Publication: Monitor Volume: 4 Issue: 93

At the end of April, officials from the Moscow Procuracy charged Alfred Kokh, former deputy prime minister and former head of Russia’s State Property Committee, with embezzlement. Procuracy officials say they intend to question Kokh in connection with the charges on May 20. A few days after he was charged, however, Kokh left Russia on business–probably for the United States, though his whereabouts have not been revealed. The officials say they have “no reason to believe” Kokh will not return to Russia in time for his interrogation. (Itar-Tass, May 5, 6 and 8) Yesterday, however, The Moscow Tribune pointed out that the United States does not have an extradition treaty with Russia, and speculated that Kokh might have been allowed to leave the country in order to avoid the possibility that he would incriminate other high-ranking officials. (The Moscow Tribune, May 13)

Kokh is a close ally of former first deputy premier Anatoly Chubais. He has been charged with misappropriating state funds to acquire private apartments for himself and others. Charges have already been brought against former first deputy head of the State Property Committee, Aleksandr Ivanchenko, and the former head of the Department for the Privatization of Nonindustrial Enterprises, Boris Veretennikov. Similar charges are being prepared against Petr Mostovoi, former director of the Federal Bankruptcy Service who is now first vice president of the Almazy Rossiya-Sakha diamond company, and former Chairman of the State Property Committee Sergei Belyaev, who is now a State Duma deputy. If found guilty, they face prison sentences of between five and ten years. (Itar-Tass, May 5, 6 and 8)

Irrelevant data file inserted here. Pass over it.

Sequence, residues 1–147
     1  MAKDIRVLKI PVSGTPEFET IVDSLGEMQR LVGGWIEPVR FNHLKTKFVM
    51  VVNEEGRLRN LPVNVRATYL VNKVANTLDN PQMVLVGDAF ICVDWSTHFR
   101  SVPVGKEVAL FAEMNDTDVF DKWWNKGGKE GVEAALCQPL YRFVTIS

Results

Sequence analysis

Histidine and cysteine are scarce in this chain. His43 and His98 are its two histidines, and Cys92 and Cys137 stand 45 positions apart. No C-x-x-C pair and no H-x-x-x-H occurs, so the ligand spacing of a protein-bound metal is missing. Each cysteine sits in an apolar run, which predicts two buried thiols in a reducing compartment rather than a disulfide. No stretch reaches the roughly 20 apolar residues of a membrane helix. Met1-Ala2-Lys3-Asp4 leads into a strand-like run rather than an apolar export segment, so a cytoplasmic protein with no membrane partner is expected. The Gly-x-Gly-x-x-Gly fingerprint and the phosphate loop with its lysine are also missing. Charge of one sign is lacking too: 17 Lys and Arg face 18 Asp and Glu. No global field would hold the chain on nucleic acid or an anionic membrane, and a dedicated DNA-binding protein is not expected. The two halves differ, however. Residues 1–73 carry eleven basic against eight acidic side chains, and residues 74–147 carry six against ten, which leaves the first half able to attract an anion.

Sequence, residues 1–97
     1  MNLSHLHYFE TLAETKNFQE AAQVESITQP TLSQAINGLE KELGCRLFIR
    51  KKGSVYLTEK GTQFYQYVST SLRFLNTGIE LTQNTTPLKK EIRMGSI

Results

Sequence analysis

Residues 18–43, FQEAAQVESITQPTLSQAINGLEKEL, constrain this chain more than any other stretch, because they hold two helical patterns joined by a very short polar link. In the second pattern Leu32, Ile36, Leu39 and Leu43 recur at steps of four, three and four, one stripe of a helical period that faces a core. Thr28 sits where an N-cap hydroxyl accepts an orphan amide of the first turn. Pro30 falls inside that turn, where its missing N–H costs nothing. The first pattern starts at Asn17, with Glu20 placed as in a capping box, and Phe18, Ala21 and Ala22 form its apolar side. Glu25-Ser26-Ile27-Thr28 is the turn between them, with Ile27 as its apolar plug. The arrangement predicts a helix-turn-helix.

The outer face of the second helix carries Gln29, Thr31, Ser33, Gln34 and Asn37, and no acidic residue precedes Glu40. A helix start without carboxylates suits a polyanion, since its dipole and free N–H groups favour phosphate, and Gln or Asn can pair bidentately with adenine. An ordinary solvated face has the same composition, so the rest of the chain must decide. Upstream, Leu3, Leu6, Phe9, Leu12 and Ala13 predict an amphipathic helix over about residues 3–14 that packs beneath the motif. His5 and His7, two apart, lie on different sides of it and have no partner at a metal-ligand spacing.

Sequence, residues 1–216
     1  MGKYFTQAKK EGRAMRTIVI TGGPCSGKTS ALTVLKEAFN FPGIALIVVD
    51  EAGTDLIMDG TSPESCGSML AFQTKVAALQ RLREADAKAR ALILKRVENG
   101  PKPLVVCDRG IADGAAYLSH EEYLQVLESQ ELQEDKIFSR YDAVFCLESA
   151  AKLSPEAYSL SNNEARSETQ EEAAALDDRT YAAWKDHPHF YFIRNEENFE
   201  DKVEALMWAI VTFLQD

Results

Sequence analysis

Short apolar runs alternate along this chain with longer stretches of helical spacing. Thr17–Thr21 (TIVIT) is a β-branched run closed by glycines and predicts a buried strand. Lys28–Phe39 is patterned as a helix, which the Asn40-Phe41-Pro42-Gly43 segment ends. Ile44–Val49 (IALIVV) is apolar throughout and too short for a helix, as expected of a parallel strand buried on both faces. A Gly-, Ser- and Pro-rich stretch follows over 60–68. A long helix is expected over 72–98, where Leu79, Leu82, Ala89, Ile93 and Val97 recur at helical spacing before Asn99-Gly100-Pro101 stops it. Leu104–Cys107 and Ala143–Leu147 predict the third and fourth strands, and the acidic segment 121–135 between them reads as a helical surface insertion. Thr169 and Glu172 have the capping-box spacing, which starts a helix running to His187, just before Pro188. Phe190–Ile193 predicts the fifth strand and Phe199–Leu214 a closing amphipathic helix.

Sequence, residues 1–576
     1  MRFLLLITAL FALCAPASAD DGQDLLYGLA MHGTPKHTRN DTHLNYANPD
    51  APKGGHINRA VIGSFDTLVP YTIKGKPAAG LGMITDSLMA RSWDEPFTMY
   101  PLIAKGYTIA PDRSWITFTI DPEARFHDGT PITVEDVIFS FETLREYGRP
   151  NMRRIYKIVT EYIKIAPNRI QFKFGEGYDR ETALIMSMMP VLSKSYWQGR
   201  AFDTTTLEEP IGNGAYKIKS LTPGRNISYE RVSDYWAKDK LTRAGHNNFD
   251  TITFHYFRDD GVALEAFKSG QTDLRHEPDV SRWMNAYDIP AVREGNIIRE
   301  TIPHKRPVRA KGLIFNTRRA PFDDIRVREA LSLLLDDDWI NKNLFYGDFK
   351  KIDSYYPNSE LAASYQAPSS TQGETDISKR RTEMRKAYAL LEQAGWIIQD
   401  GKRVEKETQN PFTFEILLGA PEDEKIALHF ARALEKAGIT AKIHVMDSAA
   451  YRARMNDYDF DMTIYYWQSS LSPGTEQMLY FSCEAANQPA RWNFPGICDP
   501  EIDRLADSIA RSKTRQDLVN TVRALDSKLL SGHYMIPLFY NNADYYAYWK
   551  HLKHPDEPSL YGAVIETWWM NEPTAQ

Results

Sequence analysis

Kokh is off the hook in one respect, however. The Moscow Procuracy announced yesterday that it does not intend to prefer charges in connection with the “book scandal” that erupted last year when it was revealed that Chubais, Kokh, Mostovoi and two other top government officials–Deputy Prime Minister Maksim Boiko and Yeltsin’s first deputy chief of staff, Aleksandr Kazakov–had accepted improbably large book advances from a publisher linked to Oneximbank, Russia’s largest private bank, whose interests they had been in a position to favor. The scandal helped to discredit the reform wing of the Russian government and prompted President Yeltsin to sack Kokh and remove Chubais as finance minister. (AP, May 13)